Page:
Entertainment Weekly's Scores

For 1,879 reviews, this publication has graded:
  • 65% higher than the average critic
  • 15% same as the average critic
  • 20% lower than the average critic
On average, this publication grades 7.7 points higher than other critics. (0-100 point scale)
Average TV Show review score: 72
Highest review score: 100 Going Clear: Scientology and the Prison of Belief
Lowest review score: 0 Drawn Together: Season 1
Score distribution:
  1. Mixed: 0 out of 1434
  2. Negative: 0 out of 1434
1,434 tv reviews
  1. The plots are twistier than a fishtail braid and only lag when the conversation turns to energy. [25 Jan/1 Feb 2013, p.112]
    • Entertainment Weekly
  2. Hannibal takes our own fixation on psycho-pop and serves it back to us in a dish full of flavor. Bon appétit, horror freaks.
  3. The most compelling characters in season 3 are the gentleladies.
  4. This series has survived its 15 media minutes as The Hot New Show to become a dependably clever, sexy, sometimes even touching sitcom.
  5. The biggest worry with The Nine is that its mystery will start to crumble after a dozen episodes or so. But for now, it's one smooth, creepy, cool operation.
  6. Any show that can accommodate decadent cruelty, tragic bravery, and political divisiveness is one you ought to be watching, frakkin' spaceships or not.
  7. Host Nate Berkus grounds it all with the real families whose lives are being transformed. [21 Mar 2014, p.59]
  8. Against all odds, Sports Night is a home run, a hole in one, a touchdown — at once the most consistently funny, intelligent, and emotional of any new-season series.
  9. This peter Berg-produced show is filmed in a low-key style that makes Roach's life seem all the more dramatic. [27 Jan 2012, p.68]
    • Entertainment Weekly
  10. It is possible to argue that, although Louis C.K. has created a work of genius with the FX show Louie, what he's really good at is stand-up. Oh My God offers further evidence for the thesis.
  11. King has turned out to be a near-perfect synthesis of Seinfeld and [Everybody Loves] Raymond, recombining many of the best elements of each show into something wholly, delightfully new.
  12. Less action-packed than BSG, but still awash in the familiar themes of life, loss, identity, and big frakkin' robots with guns.
  13. It's a slower-paced, smaller-scale show about the sad reality of sticking it out in Hollywood into middle age. It also veers into weirder territory that would feel impossible outside California. But thanks to the chemistry between Peet and Zissis, it's endlessly engrossing.
  14. As always, Saunders is heroic in her slapstick self-abasement, and Lumley is extraordinary as a pained, haughty beauty gone to glorious seed.
  15. Fringe seems to be going out as alt-world fantasy/sci-fi at its most tough-minded yet humanistic. [5 Oct 2012, p.73]
    • Entertainment Weekly
  16. There are no big sociopolitical statements here, no guerilla-style confrontations, no scenes of squirmy awkwardness, no multilayered pop culture references. It's just a very smart, very funny show.
  17. Sex and violence certainly have their place here, but they're placed in the context of a vivid city that, as dangerous, seamy, and profane as it can be, is a place you want to revisit every week.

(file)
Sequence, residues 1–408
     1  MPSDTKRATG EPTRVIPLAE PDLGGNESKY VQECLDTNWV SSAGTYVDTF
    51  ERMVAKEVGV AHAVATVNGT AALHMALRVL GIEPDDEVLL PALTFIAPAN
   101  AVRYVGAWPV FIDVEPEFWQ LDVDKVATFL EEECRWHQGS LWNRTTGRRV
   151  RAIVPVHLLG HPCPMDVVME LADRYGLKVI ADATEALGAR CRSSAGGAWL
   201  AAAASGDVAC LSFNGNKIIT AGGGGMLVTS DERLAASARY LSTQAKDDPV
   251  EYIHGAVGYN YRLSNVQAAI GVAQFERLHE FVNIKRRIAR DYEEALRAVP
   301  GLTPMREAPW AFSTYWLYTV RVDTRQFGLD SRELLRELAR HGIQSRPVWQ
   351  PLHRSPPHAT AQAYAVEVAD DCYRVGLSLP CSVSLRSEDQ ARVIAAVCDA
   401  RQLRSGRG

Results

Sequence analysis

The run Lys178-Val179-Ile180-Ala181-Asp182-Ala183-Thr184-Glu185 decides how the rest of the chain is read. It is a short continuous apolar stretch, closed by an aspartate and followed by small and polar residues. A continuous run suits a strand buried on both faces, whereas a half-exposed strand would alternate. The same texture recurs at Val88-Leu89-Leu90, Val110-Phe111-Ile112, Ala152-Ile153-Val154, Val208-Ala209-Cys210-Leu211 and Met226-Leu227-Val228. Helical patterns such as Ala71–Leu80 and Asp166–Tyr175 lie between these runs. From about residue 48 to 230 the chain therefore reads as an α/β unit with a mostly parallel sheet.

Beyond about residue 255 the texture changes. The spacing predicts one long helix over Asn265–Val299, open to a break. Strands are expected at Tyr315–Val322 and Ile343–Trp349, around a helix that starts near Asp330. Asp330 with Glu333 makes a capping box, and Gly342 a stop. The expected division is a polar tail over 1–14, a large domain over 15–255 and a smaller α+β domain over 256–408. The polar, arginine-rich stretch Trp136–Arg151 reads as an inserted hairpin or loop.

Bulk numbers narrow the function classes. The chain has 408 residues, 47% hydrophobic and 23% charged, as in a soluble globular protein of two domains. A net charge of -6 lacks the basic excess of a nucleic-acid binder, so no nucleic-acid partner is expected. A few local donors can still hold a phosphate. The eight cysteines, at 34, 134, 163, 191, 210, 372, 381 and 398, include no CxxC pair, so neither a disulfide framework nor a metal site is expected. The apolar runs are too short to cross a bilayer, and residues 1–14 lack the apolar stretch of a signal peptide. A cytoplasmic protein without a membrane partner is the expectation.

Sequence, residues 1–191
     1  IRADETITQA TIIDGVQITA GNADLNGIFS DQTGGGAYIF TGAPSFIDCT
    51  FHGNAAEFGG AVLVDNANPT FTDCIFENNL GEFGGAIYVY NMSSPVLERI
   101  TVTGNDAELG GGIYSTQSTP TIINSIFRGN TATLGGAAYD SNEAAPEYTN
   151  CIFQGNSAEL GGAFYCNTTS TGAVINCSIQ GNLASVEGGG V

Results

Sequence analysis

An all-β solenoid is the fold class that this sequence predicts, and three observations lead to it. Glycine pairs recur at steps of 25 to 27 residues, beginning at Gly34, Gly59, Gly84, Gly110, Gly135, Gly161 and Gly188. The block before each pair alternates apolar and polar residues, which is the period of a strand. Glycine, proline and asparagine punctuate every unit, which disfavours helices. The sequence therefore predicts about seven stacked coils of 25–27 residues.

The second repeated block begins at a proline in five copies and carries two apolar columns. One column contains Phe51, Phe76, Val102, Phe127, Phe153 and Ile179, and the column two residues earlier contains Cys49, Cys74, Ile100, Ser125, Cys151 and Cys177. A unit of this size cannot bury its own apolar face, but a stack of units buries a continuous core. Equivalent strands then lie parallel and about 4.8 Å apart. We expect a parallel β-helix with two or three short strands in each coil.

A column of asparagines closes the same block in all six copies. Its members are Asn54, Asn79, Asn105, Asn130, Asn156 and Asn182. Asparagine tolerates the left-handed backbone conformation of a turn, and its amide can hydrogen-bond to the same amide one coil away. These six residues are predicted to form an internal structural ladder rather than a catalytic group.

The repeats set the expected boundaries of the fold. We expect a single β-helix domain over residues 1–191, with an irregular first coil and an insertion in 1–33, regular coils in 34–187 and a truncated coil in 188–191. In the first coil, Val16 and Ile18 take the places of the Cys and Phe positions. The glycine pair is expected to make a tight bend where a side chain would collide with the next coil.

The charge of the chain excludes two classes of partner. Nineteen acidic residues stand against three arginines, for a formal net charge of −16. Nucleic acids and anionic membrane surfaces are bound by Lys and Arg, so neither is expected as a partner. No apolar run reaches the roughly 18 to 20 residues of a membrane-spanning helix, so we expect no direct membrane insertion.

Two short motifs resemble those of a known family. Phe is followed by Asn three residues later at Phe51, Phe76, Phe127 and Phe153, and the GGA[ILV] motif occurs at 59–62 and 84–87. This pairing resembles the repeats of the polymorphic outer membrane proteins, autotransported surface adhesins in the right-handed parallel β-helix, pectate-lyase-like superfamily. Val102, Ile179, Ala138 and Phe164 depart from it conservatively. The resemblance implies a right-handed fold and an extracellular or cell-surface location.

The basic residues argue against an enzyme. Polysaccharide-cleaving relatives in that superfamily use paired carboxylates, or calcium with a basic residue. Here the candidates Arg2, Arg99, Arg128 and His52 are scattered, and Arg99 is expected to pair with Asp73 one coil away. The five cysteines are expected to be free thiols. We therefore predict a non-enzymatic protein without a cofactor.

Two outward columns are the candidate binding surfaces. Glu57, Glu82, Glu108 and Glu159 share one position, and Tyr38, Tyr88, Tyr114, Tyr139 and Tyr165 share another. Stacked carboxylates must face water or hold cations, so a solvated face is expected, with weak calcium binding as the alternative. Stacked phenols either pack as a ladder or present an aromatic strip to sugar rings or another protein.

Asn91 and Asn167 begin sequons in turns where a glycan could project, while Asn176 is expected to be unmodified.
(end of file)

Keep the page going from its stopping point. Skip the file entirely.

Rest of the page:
18. The reason for CSI's success is that it combines a few time-tested TV elements in a fresh way.
  19. Filled with more shoulder pads than an episode of The Golden Girls, the special is actually at its best between songs when Gaga dishes out hilarious asides like "The only thing better than a unicorn is a gay unicorn."
  20. It may sound like your typical procedural--but by part 1's cliff-hanger ending, it clearly isn't and the very intense Tennant deserves much of the credit for that. [13 Jun 2014, p.77]
    • Entertainment Weekly
  21. Tim Gunn still motherhens the designers, the dramatic arcs feel familiar (one designer is a recovering addict, another gave up a career as a surgeon), and--wonders to behold--there's even a branch of the fabric store Mood in Runway's new Los Angeles home.
  22. It's another level of pop culture wizardry to make such storytelling seem so vivid, so vital, and just plain fun.
  23. If the joke is that these guys are deluded hacks, what makes the joke work is that Black (Mars Attacks!) and Gass (The Cable Guy) commit to their material with the demented vigor of true artistes, and they also write and perform really terrific 'bad' songs.
  24. A must-see for fans of Broadway's favorite redheaded orphan.
  25. This dark-tinged show is frequently very funny, never more so than when the pals gather for a diner meal, to whine and tease one another. The dialogue has a cutting crispness; the hour zips along, no matter how logy its antiheroes may become.
  26. The premiere jumps the series from 1960 to 1962, but it plays coy with most of last season's cliff-hangers, including the whereabouts of Peggy's son with married exec Pete Campbell (played with oily brilliance by Vincent Kartheiser). It's quite a tease, but the debut proves Mad Men is as smart as ever
  27. Jennifer Saunders' Edina and Joanna Lumley's Patsy are as deliciously delusional as ever in the Britcom's 20th-anniversary special.
  28. The result is thirtysomething crossed with The Waltons — and I mean that as a compliment.
  29. Juggling the themes of famine, fame, and family, Torchwood: Miracle Day--conceived by series creator Russell T Davies, with some episodes written by Buffy and Dollhouse vet Jane Espenson--makes a smooth transatlantic shift that will, I hope, broaden this marvelous, tense fantasy franchise's audience.
  30. The first two episodes contain strong subplots about staff downsizing and rolled-back pensions, indicators that Ted is doing a better job of folding real-life resonances into its silliness.

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